Charlotte Figi, het meisje dat een cannabisbeweging heeft aangespoord die de wetten over de hele wereld heeft veranderd, is op 13-jarige leeftijd overleden aan het coronavirus


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  • Charlotte Figi, the young girl with epilepsy who helped ignite a medical cannabis movement that changed laws around the world, died at age 13 due to coronavirus complications, according to an announcement on Tuesday.
  • Figi and her parents, of Colorado, worked with medical marijuana dispensary owners the Stanley brothers to create a strain high in CBD.
  • CBD is a non-psychoactive compound found in cannabis.
  • The strain, dubbed Charlotte’s Web, proved successful in treating Figi’s debilitating seizures and her story became a turning point in the medical cannabis movement.
  • Visit Business Insider’s homepage for more stories.

Charlotte Figi, the young girl with epilepsy who helped ignite a medical cannabis movement, has died due to coronavirus-related complications, according to a Tuesday Facebook announcement. She was 13 years old and the youngest Colorado resident to die from COVID-19, the Colorado Sun reported.

Figi, her parents, and the Stanley brothers, a family that owns a Colorado Springs medical marijuana dispensary, worked together to create a cannabis strain that contained a high concentration of CBD, a non-psychoactive compound found in cannabis, and a low concentration of the psychoactive component, THC.

Figi successfully used this strain, dubbed Charlotte’s Web, to treat her seizures, and soon other people with chronic conditions got wind of her story and sought CBD treatments themselves.

“She was a light that lit the world. She was a little girl who carried us all on her small shoulders,” the Stanley brothers wrote in a tribute on the Charlotte’s Web website. “She grew, cultivated by a community, protected by love, demanding that the world witness her suffering so that they might find a solution. She rose every day, awakening others with her courage, and with that smile that infected your spirit at the cellular level.”

A family friend announced the news of Figi’s death on her mother’s Facebook page on Tuesday, April 7.

“Charlotte is no longer suffering. She is seizure-free forever. Thank you so much for all of your love. Please respect their privacy at this time,” Nichole, the family friend, wrote.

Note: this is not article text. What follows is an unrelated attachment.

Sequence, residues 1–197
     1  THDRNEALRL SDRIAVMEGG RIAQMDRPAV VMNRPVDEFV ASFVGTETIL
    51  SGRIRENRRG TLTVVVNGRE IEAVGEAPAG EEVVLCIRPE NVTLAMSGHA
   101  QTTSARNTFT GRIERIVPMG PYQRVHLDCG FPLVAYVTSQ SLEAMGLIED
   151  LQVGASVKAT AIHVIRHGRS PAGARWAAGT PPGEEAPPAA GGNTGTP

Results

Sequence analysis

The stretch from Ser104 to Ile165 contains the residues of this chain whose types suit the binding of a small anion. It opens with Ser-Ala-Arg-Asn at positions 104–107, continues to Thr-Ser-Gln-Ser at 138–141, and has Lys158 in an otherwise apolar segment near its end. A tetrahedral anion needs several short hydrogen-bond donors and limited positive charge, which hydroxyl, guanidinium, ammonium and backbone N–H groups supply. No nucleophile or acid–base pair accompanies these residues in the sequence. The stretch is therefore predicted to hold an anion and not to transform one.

In the week’s prior, Figi’s mother said her entire family was feeling ill but that they were unable to get coronavirus tests.

Figi’s story shed light on the therapeutic uses of cannabis

Figi had Dravet syndrome, a type of epilepsy, and from the time she was just three months old, she experienced hundreds of seizures every day.

By the time Figi was 5, she couldn’t walk or talk and needed a feeding tube. When traditional epilepsy treatments and medications failed to help Figi, her parents sought alternative options and learned about the therapeutic properties of CBD. Soon after, the Figis met the Stanley brothers.

Charlotte, you are the light of our lives.

In loving memory of Charlotte Figi. Thank you for your life, your bravery and your beautiful soul.

— Charlotte’s Web (@charlottesweb) April 8, 2020

The Stanley brothers named the strain Charlotte’s Web after Figi herself, and it proved successful in reducing Figi’s seizures. Eventually, Figi was able to walk and talk again. Her mother weaned her off pharmaceutical treatments and she no longer needed a feeding tube.

Figi’s story became the subject of medical literature and ignited a medical cannabis movement of patients seeking CBD to treat their chronic conditions. Her story was also the focus of “WEED,” a documentary by CNN’s chief medical correspondent Dr. Sanjay Gupta.

In June 2018, Epidiolex became the first FDA-approved drug to treat seizures, and it used CBD as its main active ingredient. Currently, 47 states allow for the legal sale of CBD products, and Charlotte’s Web remains one of the most-used CBD products in the world.

Now, the medical cannabis community and follower’s of Figi’s story are mourning her loss while remembering the ways she forever changed the cannabis industry.

Realm of Caring Foundation, an organization co-found by Figi’s mother, shared a Facebook tribute to Figi on April 8.

“Some journeys are long and bland and others are short and poignant and meant to revolutionize the world. Such was the path chosen by this little girl with a catastrophic form of epilepsy called Dravet Syndrome,” the post reads. “Thank you, Charlotte, for dedicating your life to the service of a greater good. We promise to carry on the mission.”

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